Town gas engines were common during the electrification pioneering years. Where generation was in the country, very often there would be no supply of town gas. Hence, compact gas generators made town gas from the pyrolysis of coal. Where coal was heated in a steel chamber without oxygen, to release the gas from the coal, without igniting it.

 

Similar pyrolysis technology is used to recycle single use plastics, such as soft drink bottles, where the plastic is converted back into oil feedstock.

 

 

 

 

 

NORTH LODGE - William (Ernie), Margaret (Peggy) and Doris Green, standing outside North Lodge, Gardner Street. Now demolished for a small block of flats. As Herstmonceux Parish Council ignore the climate crisis, aided and abetted by Wealden District Council. It is interesting to cross reference the memories of Margaret with Ronald Saunders, who only worked in Lime Park for about a year, but whose father was the chief engineer in charge of the Generating Station.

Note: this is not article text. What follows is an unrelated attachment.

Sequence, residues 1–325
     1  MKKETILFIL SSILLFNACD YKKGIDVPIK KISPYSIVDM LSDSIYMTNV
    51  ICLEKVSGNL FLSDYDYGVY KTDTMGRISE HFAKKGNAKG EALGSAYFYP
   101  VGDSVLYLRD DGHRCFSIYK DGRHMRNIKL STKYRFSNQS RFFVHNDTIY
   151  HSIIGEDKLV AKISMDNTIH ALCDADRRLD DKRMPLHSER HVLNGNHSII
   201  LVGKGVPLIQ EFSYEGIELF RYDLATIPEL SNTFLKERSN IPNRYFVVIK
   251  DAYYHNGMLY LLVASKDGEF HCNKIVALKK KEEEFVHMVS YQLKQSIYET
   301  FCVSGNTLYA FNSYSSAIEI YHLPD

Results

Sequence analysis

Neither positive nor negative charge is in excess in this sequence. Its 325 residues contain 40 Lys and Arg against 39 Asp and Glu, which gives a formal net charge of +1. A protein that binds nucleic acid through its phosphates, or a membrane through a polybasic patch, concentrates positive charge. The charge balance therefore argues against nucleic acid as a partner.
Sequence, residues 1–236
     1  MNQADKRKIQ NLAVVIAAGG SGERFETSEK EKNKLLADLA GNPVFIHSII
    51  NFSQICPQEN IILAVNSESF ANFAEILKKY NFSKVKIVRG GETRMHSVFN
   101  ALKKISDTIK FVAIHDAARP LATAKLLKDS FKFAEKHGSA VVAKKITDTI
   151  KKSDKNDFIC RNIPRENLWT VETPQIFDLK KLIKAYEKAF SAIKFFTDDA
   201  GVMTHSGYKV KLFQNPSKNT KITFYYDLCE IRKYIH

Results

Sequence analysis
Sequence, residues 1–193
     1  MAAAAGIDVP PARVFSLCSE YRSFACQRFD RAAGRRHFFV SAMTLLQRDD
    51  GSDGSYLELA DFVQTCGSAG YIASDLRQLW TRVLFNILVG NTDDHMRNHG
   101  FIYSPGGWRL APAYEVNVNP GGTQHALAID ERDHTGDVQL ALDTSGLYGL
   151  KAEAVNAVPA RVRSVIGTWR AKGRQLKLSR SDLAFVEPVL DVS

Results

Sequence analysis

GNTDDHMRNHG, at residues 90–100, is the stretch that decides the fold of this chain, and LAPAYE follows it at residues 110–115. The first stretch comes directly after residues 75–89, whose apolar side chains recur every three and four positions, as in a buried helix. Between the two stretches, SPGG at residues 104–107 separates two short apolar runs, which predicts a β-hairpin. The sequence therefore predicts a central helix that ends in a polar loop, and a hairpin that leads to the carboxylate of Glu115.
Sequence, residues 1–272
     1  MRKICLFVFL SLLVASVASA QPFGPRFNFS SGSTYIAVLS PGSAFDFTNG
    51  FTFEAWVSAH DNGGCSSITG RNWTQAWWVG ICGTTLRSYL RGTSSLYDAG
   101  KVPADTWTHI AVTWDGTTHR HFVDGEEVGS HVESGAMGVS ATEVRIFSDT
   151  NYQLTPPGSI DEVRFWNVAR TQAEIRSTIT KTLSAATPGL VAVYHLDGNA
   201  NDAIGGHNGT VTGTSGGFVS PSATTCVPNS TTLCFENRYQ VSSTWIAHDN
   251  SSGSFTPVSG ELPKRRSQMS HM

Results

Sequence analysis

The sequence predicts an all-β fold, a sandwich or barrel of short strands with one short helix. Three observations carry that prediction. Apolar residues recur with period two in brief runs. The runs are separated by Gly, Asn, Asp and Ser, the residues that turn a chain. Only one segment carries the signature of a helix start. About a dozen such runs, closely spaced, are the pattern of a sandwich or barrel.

LINKS & REFERENCE

 

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UNIQUE INDUSTRIAL ARCHAEOLOGY - Perhaps not the most attractive of buildings, as it has fallen into a state of disrepair. This is mainly because Wealden District Council have done all they can to deny the building a reasonable and beneficial use, to pay for restorations, up to 2022. The Parish Council have been working with the district council on this. That is why the most important historic asset in Herstmonceux does not have an income for maintenance and general repairs. Conversely, the site, including other buildings in the Park, may one day qualify for listing as a UNESCO world heritage site. This site is Copyright August 2022.